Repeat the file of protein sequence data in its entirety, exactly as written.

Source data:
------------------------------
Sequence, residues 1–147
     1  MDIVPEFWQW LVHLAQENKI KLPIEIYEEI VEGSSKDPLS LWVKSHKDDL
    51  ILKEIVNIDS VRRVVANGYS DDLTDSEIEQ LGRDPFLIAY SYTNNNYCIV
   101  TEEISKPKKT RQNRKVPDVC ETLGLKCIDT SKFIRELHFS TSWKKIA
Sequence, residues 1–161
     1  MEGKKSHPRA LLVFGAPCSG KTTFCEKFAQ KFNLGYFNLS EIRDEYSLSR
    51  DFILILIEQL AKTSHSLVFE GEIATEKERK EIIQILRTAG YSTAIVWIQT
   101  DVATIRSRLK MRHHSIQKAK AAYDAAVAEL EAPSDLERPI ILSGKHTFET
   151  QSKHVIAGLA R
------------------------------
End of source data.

Sequence, residues 1–147
     1  MDIVPEFWQW LVHLAQENKI KLPIEIYEEI VEGSSKDPLS LWVKSHKDDL
    51  ILKEIVNIDS VRRVVANGYS DDLTDSEIEQ LGRDPFLIAY SYTNNNYCIV
   101  TEEISKPKKT RQNRKVPDVC ETLGLKCIDT SKFIRELHFS TSWKKIA
Sequence, residues 1–161
     1  MEGKKSHPRA LLVFGAPCSG KTTFCEKFAQ KFNLGYFNLS EIRDEYSLSR
    51  DFILILIEQL AKTSHSLVFE GEIATEKERK EIIQILRTAG YSTAIVWIQT
   101  DVATIRSRLK MRHHSIQKAK AAYDAAVAEL EAPSDLERPI ILSGKHTFET
   151  QSKHVIAGLA R